Champayl Martin, a senior at Spring High School, recently received a huge surprise when she was announced live on ABC’s “Good Morning America” as one of 25 students across the country to receive a $40,000 scholarship from the College Board.
On March 31, the nonprofit organization surprised students in the Class of 2021 with Complete Your Journey scholarships for completing the college planning steps laid out in the College Board Opportunity Scholarships program. Martin received the news during a live virtual interview on ABC.
“I had no idea,” said Martin. “They just told me there would be an interview with myself and a group of students with the College Board.”
Currently a virtual learner at Spring High School, Martin says she applied to as many scholarships as she could qualify for on the organization’s website. “I knew that I had to put in the effort if I wanted to be able to afford to go to college,” she says. “Once I got into my junior year, I knew that I would need scholarships because I knew that I wanted to go and needed a way to afford college.”
Martin says she is involved in Peer Assistance Leadership (PAL), works part-time and is part of Spring ISD EMERGE, a program launched in the district in partnership with the Houston-based EMERGE Fellowship to prepare high-potential students from underserved communities to attend and graduate from selective colleges and universities from across the nation. She also credits the program for preparing her for college.
“It’s really helped me throughout these past few years because EMERGE taught me how to apply to colleges, how to enroll and how to become an outstanding applicant. Being a first-generation student, they’ve really provided insight and have given me opportunities that I couldn’t have asked for.”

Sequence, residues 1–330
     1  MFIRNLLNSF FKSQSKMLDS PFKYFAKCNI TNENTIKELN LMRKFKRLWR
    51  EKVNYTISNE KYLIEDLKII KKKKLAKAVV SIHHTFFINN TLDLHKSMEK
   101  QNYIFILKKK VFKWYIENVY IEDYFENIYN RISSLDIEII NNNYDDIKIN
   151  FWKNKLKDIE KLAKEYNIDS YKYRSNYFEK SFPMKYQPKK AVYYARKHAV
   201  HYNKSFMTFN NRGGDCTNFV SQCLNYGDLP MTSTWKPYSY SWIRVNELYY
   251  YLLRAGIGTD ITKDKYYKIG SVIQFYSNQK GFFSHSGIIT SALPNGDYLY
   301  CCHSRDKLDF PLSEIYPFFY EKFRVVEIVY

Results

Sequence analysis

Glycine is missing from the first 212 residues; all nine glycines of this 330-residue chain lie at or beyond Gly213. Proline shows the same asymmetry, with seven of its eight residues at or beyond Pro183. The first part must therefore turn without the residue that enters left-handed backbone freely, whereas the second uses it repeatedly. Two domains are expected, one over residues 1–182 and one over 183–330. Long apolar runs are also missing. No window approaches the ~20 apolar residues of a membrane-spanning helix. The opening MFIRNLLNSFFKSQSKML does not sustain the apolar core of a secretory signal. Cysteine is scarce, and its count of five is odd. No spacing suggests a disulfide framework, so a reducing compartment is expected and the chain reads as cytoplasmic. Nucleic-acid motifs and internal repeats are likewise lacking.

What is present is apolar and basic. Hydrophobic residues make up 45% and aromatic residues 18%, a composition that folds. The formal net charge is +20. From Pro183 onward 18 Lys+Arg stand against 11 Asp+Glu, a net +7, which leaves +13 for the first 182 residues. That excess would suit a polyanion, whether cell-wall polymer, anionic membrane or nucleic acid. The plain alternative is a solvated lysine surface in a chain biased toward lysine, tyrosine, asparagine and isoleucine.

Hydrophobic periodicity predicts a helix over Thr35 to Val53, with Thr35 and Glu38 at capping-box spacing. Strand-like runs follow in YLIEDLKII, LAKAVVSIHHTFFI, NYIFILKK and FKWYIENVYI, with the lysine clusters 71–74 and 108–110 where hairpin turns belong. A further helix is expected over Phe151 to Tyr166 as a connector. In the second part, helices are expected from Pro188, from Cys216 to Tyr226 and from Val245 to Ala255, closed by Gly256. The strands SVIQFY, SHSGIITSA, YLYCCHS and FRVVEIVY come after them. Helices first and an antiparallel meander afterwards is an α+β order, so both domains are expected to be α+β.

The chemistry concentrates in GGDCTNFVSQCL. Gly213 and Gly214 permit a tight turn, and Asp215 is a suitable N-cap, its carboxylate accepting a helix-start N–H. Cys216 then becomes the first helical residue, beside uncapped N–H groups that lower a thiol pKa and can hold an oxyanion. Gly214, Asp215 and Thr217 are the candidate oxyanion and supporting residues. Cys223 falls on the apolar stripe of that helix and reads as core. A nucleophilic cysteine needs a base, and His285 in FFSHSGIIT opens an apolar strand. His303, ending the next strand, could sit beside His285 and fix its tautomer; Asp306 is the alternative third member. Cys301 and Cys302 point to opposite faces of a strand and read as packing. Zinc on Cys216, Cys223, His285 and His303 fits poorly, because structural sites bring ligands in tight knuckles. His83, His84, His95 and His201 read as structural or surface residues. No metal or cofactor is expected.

According to the College Board, research shows that completing specific steps can help clarify the complex college planning process, especially for low-income and first-generation students.
“I come from a low socioeconomic background, so a lot of opportunities out there aren’t necessarily communicated, so with the EMERGE program, they really held our hands, walked us through the process and were really there for us,” Martin said. “They really guided us through it, and that made the college process easier. If I didn’t have EMERGE, I would be lost.”
Spring High School college counselor Adrienne Thomas, who facilitated with the College Board for the huge surprise, calls Martin “a sweet, quiet person who doesn’t have a problem with advocating for herself.”
“If she does not understand something, she will make it her mission to understand before leaving your presence,” said Thomas. “That is what I have always loved about her. Her determination and her drive to reach her goals by any means necessary.”
Over 1 million students from all 50 states have joined the College Board Opportunity Scholarships program since it first launched in December 2018. To date, students have won over $10 million in scholarships. In addition to the 25 Complete Your Journey winners from the class of 2021 who each received $40,000, nearly 4,000 additional students from 49 states, the District of Columbia, Puerto Rico, and the U.S. Virgin Islands earned $3.6 million in smaller scholarships ranging from $500 to $2,000.
As for Martin, she says she has been accepted to her three top choices of Texas A&M University-College Station, Carleton College in Minnesota, and Spelman College in Atlanta. Once she makes her final choice, Martin would like to study psychology to help others.
“I want to give back to my community with mental illnesses, especially in more low socioeconomic communities where we don’t have many resources in the area,” said Martin. “It would be very beneficial if I could help in that way.”
Until then, Martin looks forward to graduating soon with a head start toward pursuing higher education, thanks to the College Board and the EMERGE program. “The scholarship will really help me,” she said. “I was trying to figure out a way to pay for school, but now that I have the money, it makes it so much easier.”